The world's foremost expert on the backsides of fashionable sportswomen is a stocky 52-year-old German named Willy Bogner. Combining his rare powers of observation with an acute business sense and the inspired designs of his attractive wife Maria, Willy Bogner has grown rich and famous, revolutionized the ski-wear industry and earned the gratitude of every male skier between the ages of 14 and 102. Willy Bogner is the man who invented stretch pants.
When Bogner first introduced stretch pants in 1952, skiers laughed. For years they had been wearing costumes which appeared to have been stored in old sea bags. The colors were those found on the topsides of a tramp steamer—black, gray and brown—and the cut made everyone look as if he were auditioning to replace Emmett Kelly. Even the best ski pants made the wearer look a little less like a clown and a little more like Gene Sarazen on the eve of the 1922 U.S. Open. American skiers, in particular, seemed to be fond of baggy britches; there was a cult that considered it a mark of honor to dress sleazier than anyone else. So when Bogner put his beautiful new stretch pants on the market, everyone grabbed the nearest rope tow and headed uphill.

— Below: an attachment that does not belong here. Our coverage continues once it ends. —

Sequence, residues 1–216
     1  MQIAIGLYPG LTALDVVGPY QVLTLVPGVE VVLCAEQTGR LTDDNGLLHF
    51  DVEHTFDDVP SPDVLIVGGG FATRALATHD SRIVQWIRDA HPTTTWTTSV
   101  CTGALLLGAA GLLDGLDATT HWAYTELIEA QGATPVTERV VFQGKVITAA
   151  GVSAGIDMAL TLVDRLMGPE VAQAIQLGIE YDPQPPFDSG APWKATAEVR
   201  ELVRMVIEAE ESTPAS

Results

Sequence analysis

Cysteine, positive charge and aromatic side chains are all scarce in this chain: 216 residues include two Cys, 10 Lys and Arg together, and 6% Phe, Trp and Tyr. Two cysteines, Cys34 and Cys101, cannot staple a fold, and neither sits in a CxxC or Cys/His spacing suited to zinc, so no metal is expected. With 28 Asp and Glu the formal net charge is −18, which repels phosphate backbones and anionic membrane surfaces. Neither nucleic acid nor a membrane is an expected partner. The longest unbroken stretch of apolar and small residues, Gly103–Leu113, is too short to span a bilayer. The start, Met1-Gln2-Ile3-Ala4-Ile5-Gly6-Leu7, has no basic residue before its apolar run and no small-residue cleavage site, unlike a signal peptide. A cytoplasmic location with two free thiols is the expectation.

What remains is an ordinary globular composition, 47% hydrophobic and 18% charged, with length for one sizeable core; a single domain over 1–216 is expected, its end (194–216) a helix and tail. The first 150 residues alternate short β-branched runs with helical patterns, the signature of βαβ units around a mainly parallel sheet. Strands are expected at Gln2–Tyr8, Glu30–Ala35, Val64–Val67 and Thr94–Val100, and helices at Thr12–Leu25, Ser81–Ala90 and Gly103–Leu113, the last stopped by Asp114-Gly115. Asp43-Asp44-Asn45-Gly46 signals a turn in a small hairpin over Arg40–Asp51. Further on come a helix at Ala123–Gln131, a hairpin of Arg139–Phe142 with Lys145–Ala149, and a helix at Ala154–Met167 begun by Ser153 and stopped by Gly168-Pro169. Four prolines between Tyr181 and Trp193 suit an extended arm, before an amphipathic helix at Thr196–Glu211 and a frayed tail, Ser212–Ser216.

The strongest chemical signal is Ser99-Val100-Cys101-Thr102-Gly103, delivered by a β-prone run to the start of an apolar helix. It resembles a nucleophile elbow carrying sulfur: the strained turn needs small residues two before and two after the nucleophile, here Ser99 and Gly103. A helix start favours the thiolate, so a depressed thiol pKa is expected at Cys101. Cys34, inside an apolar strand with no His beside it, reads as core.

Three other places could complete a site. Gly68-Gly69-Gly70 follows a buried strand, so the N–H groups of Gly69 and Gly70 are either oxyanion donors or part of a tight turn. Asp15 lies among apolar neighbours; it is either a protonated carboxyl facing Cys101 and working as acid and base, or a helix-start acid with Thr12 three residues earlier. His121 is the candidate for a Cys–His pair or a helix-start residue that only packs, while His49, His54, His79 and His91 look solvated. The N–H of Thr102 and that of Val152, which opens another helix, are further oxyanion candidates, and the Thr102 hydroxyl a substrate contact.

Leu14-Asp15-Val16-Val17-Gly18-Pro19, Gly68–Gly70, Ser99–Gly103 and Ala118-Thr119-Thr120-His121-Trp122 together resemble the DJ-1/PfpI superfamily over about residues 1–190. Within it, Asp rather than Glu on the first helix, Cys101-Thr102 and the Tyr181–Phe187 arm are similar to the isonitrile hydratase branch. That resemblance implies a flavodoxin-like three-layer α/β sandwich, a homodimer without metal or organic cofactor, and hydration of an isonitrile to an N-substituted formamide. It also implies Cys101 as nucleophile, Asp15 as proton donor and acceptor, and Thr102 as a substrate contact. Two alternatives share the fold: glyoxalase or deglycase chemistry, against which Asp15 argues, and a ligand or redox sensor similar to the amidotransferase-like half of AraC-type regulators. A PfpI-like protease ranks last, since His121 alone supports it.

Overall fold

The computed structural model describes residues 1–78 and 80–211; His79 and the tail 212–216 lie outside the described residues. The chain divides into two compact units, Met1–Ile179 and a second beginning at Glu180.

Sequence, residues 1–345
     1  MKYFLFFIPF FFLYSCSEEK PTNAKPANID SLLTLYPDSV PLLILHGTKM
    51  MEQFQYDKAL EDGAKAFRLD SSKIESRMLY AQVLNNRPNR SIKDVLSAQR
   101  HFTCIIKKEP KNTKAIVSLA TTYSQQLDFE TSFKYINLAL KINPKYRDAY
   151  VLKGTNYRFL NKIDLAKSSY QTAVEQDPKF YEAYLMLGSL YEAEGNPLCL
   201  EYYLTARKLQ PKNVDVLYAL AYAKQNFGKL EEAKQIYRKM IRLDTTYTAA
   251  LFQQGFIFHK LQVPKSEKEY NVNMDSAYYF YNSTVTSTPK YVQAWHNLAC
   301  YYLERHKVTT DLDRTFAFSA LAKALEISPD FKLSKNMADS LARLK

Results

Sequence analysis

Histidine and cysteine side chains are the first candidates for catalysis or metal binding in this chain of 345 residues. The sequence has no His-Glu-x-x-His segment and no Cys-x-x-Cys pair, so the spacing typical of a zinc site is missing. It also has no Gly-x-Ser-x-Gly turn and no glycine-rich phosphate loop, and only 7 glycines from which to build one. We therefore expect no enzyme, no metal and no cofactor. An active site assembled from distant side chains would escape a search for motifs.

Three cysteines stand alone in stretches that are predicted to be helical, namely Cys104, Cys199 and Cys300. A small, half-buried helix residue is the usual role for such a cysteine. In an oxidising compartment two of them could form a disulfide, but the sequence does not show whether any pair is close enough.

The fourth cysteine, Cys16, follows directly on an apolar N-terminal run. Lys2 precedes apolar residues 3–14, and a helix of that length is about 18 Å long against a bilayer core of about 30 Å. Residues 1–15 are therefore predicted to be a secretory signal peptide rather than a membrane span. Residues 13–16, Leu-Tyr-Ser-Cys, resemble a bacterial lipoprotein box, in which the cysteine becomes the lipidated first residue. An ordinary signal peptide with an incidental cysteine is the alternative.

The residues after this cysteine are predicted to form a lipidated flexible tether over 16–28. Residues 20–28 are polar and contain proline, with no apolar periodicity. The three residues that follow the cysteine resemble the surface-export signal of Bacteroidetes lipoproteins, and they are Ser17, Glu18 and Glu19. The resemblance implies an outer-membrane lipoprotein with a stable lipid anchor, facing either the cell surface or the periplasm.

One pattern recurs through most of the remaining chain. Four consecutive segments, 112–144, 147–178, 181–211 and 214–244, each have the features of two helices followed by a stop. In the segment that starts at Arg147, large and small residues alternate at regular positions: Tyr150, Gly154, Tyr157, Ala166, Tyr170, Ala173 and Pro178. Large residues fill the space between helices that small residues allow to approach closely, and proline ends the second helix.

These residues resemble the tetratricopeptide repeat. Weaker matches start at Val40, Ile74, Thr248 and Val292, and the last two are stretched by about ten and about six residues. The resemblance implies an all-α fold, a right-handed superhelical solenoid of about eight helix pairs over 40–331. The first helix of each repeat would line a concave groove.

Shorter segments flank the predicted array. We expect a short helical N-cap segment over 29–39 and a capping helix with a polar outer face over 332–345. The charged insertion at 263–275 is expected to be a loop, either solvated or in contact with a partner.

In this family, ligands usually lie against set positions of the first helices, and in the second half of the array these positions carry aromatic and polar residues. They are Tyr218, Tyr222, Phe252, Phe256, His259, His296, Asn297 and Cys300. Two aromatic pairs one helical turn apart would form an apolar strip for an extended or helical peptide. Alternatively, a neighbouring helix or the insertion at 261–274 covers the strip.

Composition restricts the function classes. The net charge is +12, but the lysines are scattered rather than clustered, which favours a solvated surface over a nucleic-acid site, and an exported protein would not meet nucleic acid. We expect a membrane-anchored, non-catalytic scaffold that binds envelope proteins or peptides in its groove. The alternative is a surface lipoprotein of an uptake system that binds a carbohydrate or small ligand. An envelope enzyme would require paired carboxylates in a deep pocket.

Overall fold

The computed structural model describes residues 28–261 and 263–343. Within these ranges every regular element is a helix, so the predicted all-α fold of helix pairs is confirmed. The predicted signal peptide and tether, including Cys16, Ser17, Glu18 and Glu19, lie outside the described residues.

"Good Lord," skiers said, "you mean those things cost 40 bucks? They look like underwear." The ladies, blushing prettily, said "too tight," which shows how nearsighted some girls are, and they complained about the bright colors. The men thought the material was too thin and doubted that it would wear. At first hardly anyone bought Bogners.
But a few did—with immediate results. The new pants hugged the waist and hips and tapered in razor-sharp lines to the ankle, making legs look longer, somehow, as legs should look. Whether the wearer was swiveling through a ski lodge or stuck head down in a snowbank on the hill, the new shades of mauve and fuchsia and chartreuse proved superior attention-getters to the old gray and black and brown. Suddenly male skiers everywhere were observed observing babes in Bogners, to the exclusion of all else. So other girls, of course, went out and bought Bogners.
The men liked the pants, too, for wearing as well as viewing. The material, made from Swiss-patented kinknylon Helanca and wool yarn, turned out to be tightly woven and warm and dry. A few ski racers tried Bogners and found them perfectly designed for high-speed runs; there was no wind resistance, no flopping at the knee and the stretch material felt better and was more comfortable than the old gabardines and worsteds.
Soon everyone looked like a ski racer—as long as he was standing still—and Willy Bogner began to get rich. He sold all the stretch pants he could make, and the customers howled for more. And when the Bogners visited America in the spring of 1955, and Maria Bogner went onto the slopes at Sun Valley, women flocked around to ask where she got those adorable pants. "I made them," Maria said. Men flocked around, too, for even in her 40s Maria Bogner is a sight to delight. Particularly in Bogner pants.